This new research committee wants to cast new light on the empirical analysis of quality of democracy and wants to provide scholars with a new “space” in which they can meet and share methodological and empirical works aiming to deep our understanding of the mechanisms that lead democratic processes, such a changes, subversions, anchoring, etc..

Analyses of democratic regimes have been part of the core agenda in comparative politics since long ago and have known a much larger and comprehensive development over the last four decades since the beginning of the so called third wave of democratization. While research has been vastly enriched on transition from democracy, on favourable and less favourable conditions, and on what makes democracy endure, we are only beginning to explore this new space of analyzing the quality of democracy.

The RC 34 on one side recalls key traditional problems of democratic regimes such as: How rulers can be held accountable to ruled? How responsive policy making can contribute to a more accountable government? To what extent equality and freedom are related? These are some of the research questions that have been recast and have been profoundly reshaping the traditional empirical theory of democracy as a consequence of the spread of democracies in all areas of the world over the last 60 years, but especially since the early 1970s, leading to renewed interest in classic political science topics such as elections, parties, civil society, institutions and institutional design, decision making, policies and their implementation.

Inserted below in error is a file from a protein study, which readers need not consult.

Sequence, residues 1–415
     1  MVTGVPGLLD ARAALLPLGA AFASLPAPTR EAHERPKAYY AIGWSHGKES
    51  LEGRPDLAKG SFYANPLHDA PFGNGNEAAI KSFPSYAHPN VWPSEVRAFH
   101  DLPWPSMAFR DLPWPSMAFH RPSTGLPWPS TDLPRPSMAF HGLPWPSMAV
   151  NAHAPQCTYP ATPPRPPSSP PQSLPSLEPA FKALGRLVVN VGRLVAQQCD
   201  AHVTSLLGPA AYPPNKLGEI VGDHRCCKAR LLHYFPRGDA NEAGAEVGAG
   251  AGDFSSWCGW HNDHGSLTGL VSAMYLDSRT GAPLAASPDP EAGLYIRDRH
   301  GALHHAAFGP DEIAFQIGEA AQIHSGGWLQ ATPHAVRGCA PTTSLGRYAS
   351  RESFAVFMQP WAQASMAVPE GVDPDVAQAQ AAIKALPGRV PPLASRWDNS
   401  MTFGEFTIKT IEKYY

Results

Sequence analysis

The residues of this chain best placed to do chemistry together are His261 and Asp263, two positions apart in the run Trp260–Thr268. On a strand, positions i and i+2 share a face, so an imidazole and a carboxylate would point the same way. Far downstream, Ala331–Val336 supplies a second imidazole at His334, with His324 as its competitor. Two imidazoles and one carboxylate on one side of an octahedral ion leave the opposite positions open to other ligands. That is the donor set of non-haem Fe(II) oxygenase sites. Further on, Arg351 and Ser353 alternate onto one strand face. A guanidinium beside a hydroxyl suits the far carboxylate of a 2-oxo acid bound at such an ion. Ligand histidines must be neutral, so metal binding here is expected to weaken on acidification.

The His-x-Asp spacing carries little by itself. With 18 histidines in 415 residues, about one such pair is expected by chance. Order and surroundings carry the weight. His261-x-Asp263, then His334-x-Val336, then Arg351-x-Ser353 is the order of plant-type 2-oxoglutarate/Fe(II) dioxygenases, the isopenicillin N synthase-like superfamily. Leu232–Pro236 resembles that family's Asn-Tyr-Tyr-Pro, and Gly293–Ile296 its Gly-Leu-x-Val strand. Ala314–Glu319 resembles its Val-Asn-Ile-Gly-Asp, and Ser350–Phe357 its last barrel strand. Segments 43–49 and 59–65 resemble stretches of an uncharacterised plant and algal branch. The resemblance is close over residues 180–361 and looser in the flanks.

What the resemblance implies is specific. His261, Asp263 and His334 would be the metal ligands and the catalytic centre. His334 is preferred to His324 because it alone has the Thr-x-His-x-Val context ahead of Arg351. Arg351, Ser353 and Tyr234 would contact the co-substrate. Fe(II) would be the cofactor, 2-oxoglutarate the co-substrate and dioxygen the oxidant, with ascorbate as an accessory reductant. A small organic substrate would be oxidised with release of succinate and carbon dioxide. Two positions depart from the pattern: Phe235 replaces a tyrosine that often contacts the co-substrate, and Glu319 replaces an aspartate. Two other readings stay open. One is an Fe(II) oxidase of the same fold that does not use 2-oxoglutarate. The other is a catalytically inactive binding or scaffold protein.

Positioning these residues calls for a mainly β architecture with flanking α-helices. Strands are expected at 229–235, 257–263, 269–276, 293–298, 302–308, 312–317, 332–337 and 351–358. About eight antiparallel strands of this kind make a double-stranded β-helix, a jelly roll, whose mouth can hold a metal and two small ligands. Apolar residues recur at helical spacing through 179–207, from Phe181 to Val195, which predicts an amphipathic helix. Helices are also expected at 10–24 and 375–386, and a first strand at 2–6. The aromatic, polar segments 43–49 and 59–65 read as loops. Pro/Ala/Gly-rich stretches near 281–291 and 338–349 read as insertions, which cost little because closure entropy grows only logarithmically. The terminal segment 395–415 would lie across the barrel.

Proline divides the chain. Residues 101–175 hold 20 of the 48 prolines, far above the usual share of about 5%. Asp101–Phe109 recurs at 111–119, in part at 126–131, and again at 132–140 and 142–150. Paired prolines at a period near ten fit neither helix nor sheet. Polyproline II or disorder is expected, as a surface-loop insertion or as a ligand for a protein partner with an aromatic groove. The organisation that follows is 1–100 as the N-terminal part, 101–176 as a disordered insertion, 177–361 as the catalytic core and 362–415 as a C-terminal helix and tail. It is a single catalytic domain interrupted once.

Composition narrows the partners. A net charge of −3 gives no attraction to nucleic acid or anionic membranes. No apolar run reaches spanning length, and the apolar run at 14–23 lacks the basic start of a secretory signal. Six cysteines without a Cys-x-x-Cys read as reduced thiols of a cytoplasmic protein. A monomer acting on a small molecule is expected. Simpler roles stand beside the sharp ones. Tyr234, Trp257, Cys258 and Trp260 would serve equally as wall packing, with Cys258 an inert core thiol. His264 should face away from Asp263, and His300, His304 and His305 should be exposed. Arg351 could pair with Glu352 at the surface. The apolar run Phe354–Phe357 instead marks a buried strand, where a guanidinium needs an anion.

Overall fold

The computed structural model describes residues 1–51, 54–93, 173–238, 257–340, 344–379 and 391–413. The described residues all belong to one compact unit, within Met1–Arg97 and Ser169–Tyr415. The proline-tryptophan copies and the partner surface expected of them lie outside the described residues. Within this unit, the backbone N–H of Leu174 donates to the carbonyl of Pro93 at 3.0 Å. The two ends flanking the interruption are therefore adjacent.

In a further step we want to focus new questions and perspectives: What are the reasons for a declining quality of democracy and where can it lead to? What are essential aspects of improving democratic quality? Moreover, the more recently historical and systemic analysis of democratic regimes found a common ground in the democratic quality assessment stream. The RC 34 involves an innovative analytical and methodological proposal which keeps altogether both qualitative and quantitative analyses to the democratic assessment and it is epistemologically committed to cast a comparative perspective on all types of democracy.

Taking into account the political changes towards democracy in the period between 1974 and today the purpose of this new Research Committee is to explore what theoretical developments are possible in the analysis of this widespread and important phenomenon, in order to respond to a number of questions that are both highly relevant and still debated, but which have yet to be answered in an adequate and satisfactory manner.

Actions taken by the RC 34 will cover both networking, research coordination, and dissemination.

Contact You can contact the RC 34 at the following chairs' and vice-chair addresses.


Prof. Dr. Marianne Kneuer University of Hildesheim Institute for Social Sciences Professor for Comparative Politics Marienburger Platz 22 D - 31141 Hildesheim Germany Tel.: 0049-5121-883-512

Prof. Dr. Jean Michel De Waele Université Libre de Bruxelles Faculty of Social and Political Sciences Dean 44 Avenue Jeanne B - 1050 Brussels Belgium Tel.: 0032-2 650 39 03

Prof. Dr José Álvaro Moisés University of São Paulo Department of Political Science Professor for Democratic Theory Center for Public Policy Research Dean Av Prof. Luciano Gualberto, 315 Cidade Universitaria Sao Paulo CEP 05508900 Brazil Tel (55-11) 30913272


Dr. Daniela Piana Associate Professor Department of Political Science, Faculty of Political Sciences University of Bologna Strada Maggiore 45 40100 Bologna Italy Tel.: 0039 051 209 27 12;